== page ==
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September 30, 2013 | in Babysitting Jobs
10 Ways to be a Great Parent to Your Toddler
September 30, 2013 | in Babysitting Jobs
- Don’t pressure yourself to be perfect. This is a stage filled with lots of challenging behaviors. Your child will test your patience over and over again, and you’ll react in a less than perfect way because, well, you’re human. When your child is challenging you, it’s easy for you to feel that you’re not the parent you should or could be. But remember, there’s no such thing as a perfect parent, so just keep loving your kids and doing the best you can.
- Understand what’s developmentally appropriate for this age group. When your child screams “NO” at you and you recognize it’s what he’s supposed to be doing at this age, it’s much easier to stay objective and act calmly. You can see the behavior for what it is, your toddler learning to assert his independence, and not take it personally.
- Have fun! This is such a fun age. Don’t let the challenges that come with it take away from the sheer enjoyment that comes from watching your child grow, explore, giggle, learn, play, connect and love. Let your child bring out the silly in you and see how much fun you can have together.
- Give him the freedom to explore his physicality. Your toddler’s desire to explore his surroundings and his body’s capabilities is exciting to him, but can be really scary to you. It’s essential that you make sure your child is safe, but at the same time, don’t let your fear discourage his natural need to explore. While giving him your full attention, let him climb the ladder to the top of the slide, balance on the big kid swing, and jump off the climbing platform. Yes, he will fall and yes, there will be tears from time to time. Your job isn’t to keep him from ever getting hurt. That’s impossible. Your job is to make sure he takes reasonable risks while building confidence in his body and his abilities.
- Expose him to lots of new things. At this age, everything is interesting to your child. Take him to the usual places like the park, the zoo and the aquarium. They’ll give him tons of things to see and do. But don’t forget about the other things your child might enjoy. Explore the art museum, a kid’s art class, or a local hiking trail. Don’t be surprised if your toddler latches onto a new interest with an amazing commitment. This is the age when a child can get focused on everything from dinosaurs to train to bugs, and just about everything else in between.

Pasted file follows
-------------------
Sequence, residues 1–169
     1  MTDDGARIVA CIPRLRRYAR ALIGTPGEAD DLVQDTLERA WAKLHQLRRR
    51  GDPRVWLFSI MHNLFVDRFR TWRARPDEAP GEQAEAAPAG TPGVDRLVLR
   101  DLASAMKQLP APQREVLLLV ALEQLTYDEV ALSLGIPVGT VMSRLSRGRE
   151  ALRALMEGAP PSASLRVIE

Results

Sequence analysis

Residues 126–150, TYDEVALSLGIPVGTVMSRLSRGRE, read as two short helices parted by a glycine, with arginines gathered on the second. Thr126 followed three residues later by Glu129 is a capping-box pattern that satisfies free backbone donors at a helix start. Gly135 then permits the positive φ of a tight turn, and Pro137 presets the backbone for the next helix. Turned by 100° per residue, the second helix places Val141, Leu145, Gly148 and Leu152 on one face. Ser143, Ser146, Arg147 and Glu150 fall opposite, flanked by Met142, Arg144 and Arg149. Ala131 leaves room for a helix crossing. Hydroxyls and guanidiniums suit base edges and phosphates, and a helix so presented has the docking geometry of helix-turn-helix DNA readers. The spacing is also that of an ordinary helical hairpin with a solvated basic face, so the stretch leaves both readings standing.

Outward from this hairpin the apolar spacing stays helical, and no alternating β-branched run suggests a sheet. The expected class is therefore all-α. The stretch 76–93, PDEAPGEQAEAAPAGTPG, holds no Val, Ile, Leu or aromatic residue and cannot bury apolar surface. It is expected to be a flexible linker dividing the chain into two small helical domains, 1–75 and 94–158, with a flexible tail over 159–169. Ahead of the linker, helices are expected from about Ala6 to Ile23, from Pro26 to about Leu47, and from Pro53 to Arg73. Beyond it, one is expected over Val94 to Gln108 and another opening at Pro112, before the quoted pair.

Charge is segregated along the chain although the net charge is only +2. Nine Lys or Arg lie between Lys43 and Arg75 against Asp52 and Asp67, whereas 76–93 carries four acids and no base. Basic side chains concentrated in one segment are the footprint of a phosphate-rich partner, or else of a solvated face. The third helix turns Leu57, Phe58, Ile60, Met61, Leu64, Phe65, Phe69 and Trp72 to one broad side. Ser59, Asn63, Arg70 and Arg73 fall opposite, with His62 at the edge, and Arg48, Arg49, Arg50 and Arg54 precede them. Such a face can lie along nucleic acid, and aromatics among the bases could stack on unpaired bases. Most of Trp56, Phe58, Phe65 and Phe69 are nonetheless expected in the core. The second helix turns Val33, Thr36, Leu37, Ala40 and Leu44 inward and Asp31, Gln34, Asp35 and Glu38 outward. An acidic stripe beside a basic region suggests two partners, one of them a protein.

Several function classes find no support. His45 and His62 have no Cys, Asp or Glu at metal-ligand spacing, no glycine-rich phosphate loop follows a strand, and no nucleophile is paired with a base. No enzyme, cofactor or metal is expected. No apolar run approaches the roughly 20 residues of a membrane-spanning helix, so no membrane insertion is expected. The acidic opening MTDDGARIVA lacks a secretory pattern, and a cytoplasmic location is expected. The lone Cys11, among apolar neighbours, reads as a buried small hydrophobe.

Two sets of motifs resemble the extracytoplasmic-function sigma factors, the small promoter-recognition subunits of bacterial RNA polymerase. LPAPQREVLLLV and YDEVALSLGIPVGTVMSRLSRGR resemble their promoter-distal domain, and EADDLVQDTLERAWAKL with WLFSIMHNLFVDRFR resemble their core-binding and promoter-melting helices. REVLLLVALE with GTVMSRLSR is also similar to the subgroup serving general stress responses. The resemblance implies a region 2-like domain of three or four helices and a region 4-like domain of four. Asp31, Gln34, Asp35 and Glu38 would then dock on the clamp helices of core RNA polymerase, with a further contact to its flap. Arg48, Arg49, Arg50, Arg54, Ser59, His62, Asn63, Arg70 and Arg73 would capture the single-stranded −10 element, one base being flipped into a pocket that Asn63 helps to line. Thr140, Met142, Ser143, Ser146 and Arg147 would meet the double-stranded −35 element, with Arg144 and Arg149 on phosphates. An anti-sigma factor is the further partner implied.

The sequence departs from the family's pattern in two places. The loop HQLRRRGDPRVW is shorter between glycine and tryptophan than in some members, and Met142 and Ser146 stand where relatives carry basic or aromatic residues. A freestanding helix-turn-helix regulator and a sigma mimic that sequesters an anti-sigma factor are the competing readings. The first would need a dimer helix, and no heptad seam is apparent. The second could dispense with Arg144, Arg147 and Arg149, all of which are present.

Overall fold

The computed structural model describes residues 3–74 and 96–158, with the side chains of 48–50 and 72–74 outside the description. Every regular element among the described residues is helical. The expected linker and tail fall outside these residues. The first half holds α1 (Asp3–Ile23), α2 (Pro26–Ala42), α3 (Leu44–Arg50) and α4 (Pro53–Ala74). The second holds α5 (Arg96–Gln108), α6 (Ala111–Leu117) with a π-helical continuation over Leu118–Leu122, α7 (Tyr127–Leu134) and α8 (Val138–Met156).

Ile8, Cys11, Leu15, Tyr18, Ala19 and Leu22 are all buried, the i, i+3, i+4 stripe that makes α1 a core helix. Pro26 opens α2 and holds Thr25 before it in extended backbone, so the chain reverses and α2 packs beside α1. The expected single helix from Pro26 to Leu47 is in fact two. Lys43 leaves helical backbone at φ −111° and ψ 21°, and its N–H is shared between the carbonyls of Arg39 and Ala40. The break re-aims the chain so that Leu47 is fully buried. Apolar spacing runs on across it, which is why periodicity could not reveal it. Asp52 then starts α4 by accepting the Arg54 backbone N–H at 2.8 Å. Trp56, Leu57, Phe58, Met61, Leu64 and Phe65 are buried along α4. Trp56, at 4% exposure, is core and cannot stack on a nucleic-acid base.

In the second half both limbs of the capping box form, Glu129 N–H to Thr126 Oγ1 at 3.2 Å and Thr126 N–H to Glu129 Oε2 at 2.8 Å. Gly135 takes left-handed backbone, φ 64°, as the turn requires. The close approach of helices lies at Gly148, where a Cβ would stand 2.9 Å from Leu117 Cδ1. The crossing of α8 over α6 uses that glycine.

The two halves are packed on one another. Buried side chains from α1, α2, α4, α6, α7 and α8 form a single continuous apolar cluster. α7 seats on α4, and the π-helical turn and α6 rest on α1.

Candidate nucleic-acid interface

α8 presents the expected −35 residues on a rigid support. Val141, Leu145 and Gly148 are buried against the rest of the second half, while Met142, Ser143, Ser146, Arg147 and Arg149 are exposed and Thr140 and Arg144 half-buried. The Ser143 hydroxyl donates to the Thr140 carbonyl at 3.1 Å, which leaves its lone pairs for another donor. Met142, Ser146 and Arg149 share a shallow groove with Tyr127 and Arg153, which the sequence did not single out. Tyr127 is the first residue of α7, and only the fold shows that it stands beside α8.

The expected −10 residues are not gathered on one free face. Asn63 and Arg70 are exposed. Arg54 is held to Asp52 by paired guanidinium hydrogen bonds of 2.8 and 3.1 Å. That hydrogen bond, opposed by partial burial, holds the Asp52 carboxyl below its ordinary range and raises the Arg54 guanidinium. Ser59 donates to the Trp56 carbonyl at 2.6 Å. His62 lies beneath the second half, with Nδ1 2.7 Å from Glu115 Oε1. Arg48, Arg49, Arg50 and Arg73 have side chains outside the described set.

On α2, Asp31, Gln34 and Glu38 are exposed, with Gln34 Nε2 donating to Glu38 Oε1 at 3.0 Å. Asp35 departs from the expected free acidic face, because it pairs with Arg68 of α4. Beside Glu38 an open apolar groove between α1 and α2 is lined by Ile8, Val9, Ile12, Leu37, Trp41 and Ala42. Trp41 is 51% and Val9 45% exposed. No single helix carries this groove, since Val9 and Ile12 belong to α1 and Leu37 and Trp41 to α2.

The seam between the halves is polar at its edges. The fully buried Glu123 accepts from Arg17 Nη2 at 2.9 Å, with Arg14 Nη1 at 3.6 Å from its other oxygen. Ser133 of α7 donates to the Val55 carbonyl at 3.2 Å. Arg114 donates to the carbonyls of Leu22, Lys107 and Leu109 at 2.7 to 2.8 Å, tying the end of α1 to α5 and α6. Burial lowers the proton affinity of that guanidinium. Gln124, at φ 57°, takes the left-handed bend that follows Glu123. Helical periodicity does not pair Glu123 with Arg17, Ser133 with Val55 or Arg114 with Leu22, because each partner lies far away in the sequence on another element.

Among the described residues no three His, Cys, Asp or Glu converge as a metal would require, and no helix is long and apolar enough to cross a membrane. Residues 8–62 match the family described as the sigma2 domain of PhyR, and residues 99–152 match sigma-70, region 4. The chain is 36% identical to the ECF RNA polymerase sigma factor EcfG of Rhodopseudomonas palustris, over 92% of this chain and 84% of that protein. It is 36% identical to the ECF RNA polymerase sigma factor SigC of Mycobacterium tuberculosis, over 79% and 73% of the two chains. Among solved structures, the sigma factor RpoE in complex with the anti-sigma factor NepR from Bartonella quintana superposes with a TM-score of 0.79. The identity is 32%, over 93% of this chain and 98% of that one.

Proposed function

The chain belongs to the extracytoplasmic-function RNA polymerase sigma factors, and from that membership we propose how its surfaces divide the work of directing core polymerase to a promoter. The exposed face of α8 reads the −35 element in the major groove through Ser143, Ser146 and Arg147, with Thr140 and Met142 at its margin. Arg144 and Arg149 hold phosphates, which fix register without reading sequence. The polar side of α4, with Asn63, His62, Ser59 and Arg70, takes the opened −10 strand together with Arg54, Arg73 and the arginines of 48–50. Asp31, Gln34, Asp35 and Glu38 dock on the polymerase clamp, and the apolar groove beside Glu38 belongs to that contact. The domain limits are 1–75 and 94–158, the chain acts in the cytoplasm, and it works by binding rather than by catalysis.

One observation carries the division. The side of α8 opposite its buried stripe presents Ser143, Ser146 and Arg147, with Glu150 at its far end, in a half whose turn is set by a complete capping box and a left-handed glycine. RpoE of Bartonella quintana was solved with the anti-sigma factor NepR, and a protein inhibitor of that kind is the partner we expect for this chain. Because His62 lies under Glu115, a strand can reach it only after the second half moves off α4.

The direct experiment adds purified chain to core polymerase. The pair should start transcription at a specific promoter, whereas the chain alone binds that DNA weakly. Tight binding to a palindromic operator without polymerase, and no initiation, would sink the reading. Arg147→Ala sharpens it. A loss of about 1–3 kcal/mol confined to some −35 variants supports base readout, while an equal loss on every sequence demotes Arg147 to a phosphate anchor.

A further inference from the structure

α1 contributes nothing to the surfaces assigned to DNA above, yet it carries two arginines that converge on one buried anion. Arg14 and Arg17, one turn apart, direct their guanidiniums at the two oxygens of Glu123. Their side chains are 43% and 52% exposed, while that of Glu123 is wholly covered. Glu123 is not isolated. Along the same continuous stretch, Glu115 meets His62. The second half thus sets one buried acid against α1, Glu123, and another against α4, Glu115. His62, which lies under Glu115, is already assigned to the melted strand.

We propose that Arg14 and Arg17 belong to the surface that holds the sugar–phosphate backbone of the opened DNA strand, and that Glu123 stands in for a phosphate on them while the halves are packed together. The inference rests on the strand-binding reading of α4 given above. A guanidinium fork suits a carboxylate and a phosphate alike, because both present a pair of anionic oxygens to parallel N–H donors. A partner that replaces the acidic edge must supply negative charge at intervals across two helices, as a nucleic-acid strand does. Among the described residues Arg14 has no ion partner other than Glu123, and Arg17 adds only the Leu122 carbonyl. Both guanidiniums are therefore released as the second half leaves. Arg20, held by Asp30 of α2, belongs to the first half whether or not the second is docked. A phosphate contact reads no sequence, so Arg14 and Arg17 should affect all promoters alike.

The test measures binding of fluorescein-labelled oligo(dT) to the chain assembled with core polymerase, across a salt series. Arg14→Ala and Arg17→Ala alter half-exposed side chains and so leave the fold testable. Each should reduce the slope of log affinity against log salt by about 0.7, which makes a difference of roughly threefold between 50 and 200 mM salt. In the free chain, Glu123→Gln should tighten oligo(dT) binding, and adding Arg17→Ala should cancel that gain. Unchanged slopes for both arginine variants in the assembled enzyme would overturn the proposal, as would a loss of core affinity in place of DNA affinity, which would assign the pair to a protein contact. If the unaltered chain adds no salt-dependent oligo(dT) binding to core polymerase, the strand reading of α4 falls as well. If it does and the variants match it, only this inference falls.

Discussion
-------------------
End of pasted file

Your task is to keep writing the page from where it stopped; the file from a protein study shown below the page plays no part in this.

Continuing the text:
- Don’t push learning. Many parents believe that they have to engage their toddler in formal learning activities in order for their child to learn his letters, numbers and colors. The truth is your toddler is naturally programmed to soak up information. All you have to do is provide him with an engaging environment and the freedom to explore it. His natural curiosity will take care of the rest.
- Help them manage big emotions. Kids at this stage are feeling some very big emotions and they don’t have the skills yet to successfully understand or manage them. But you can help. Talk with your child about what he’s feeling and help him name his different emotions. Let him know that while certain behaviors are not acceptable, all his feelings are.
- Limit your screen time. One of the biggest gifts you can give your toddler is your uninterrupted attention. As hard as it is, turn off your phone and be fully present in whatever you’re doing together. Read a book, build a Lego tower, dig into the pretend box and spend hours indulging in imaginative play. What you do isn’t important. Letting your toddler know he has your full attention is.
- Get him into a play group. This is a great time for your child to start making friends. By finding a steady playgroup, he’ll have the opportunity to develop relationships and practice important social skills. These groups can also be a sanity saver for you during summer and winter when the weather doesn’t allow you to spend a lot of time outside.
- Enjoy all the hugs and kisses. There’s nothing better for your child’s spirit than hugs and kisses from Mom and Dad. He’s still young enough that he won’t be embarrassed by your public displays of affection. Physical connection does all kinds of wonderful things for his physical, emotional and mental health. And of course, it’s just as good for you!
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